The ADF instrument described above is known as a fixed-card ADF.
A simple upgrade to this is the moveable-card ADF. A selector knob on the instrument allows you to move the degree card behind the needle. With this in mind, the pilot can set their magnetic heading at the top. The instrument then does the math on its own. The needle now points to the magnetic bearing.
The problem with the moveable-card type instrument is that it is entirely manual. It requires a pilot action every time the aircraft’s heading is changed. But it reduces confusion and makes the entire process simpler to understand.
An even better option is the RMI, or remote magnetic indicator. This instrument combines three elements: a fluxgate compass, a heading indicator, and the ADF instrument. The result is one instrument that always shows magnetic heading and magnetic bearing to the station.
Most RMIs have two indicator needles and the ability to select the source for those needles. These RMI can use NDBs or VORs as navigation sources. If using a VOR, it will work identically to an NDB.
The NDB stations themselves have significant limitations as well. There are four primary errors caused by various sources of interference.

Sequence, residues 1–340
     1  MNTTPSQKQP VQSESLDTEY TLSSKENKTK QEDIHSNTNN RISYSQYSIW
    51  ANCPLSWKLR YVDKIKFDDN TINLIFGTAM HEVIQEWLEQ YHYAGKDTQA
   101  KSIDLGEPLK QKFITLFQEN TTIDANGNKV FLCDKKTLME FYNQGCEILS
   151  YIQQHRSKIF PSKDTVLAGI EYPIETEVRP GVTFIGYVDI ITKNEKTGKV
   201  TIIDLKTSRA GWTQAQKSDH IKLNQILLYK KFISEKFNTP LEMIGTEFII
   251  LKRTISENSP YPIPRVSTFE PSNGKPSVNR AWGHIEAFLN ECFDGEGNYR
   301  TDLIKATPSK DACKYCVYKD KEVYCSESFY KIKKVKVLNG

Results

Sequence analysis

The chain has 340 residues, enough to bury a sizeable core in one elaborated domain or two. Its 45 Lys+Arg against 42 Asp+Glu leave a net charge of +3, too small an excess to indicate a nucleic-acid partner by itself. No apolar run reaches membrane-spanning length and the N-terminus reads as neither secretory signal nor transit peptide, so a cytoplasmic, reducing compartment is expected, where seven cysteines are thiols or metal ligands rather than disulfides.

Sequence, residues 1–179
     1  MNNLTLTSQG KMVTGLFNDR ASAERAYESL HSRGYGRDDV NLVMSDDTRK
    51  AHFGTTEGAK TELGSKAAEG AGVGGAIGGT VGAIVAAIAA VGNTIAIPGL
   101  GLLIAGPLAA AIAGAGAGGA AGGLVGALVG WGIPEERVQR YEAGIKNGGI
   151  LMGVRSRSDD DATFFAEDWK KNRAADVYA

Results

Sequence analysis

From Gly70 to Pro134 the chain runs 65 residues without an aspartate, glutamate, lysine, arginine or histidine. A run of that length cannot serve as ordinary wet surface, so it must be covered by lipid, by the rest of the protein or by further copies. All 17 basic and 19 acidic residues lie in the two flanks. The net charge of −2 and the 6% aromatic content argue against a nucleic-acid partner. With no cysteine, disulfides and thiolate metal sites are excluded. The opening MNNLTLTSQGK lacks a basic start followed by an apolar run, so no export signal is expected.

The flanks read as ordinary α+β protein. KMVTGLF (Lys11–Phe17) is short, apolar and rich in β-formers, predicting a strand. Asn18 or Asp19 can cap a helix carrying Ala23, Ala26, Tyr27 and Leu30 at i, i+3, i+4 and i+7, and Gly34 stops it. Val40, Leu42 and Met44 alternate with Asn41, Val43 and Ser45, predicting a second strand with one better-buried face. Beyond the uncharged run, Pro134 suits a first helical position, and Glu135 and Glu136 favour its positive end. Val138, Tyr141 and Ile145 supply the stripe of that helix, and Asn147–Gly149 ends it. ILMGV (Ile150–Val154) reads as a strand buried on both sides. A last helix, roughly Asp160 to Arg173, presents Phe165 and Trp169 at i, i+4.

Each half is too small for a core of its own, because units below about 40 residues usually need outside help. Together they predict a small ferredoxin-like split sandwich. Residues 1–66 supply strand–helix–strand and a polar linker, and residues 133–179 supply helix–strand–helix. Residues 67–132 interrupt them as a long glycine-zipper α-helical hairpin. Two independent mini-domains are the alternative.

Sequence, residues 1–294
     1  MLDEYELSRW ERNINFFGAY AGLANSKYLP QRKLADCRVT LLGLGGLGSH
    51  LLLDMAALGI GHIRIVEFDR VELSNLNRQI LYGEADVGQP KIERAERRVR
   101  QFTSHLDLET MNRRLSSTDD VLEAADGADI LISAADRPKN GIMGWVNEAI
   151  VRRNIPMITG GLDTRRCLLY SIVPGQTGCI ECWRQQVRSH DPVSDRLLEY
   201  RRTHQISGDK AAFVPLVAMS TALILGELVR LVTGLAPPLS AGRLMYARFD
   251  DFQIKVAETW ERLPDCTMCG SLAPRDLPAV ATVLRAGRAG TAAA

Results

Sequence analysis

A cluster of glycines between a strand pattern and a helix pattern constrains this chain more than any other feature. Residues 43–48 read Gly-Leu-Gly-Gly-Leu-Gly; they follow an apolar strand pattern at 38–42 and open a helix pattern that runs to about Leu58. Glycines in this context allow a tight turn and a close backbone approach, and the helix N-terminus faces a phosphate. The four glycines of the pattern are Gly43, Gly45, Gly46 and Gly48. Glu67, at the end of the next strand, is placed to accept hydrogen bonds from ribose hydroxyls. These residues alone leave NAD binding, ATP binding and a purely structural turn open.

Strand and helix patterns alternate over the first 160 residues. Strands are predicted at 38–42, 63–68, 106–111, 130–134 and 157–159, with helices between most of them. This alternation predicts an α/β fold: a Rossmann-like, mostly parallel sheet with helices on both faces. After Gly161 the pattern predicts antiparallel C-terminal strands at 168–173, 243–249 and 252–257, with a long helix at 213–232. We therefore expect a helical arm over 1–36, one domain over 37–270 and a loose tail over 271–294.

Ionosphere error is caused by the radio waves bending off of the ionosphere. This causes the ADF needle to fluctuate. It’s most commonly a problem around sunset and sunrise.
Electrical interference also causes ADF problems. Thunderstorms, in particular, can cause erroneous readings as can other radio transmissions.
Terrain like mountains can reflect and bend radio waves, causing errors.
The final error results from the aircraft itself, particularly in banks. This bank error can cause problems with the ADF momentarily when in turns.
ADF Replacement Technologies
Once the backbone of the airspace system, NDBs are now on their way out. They are still around, and many training aircraft still have ADFs installed.
Perhaps more importantly, learning how to use an ADF gives pilots a historical perspective and helps them master their situational awareness. NDBs are found in other parts of the world, especially in remote areas of the Caribbean, Canada, South America, and some even parts of Europe and Asia.
VORs eventually replaced NDBs as the basis of the US National Airspace System. FAA’s Nexgen Program is designed to take this one step further. Now, GPS satellite-based navigation is becoming the new backbone of the system. VORs are being decommissioned in favor of direct RNAV/GPS routes.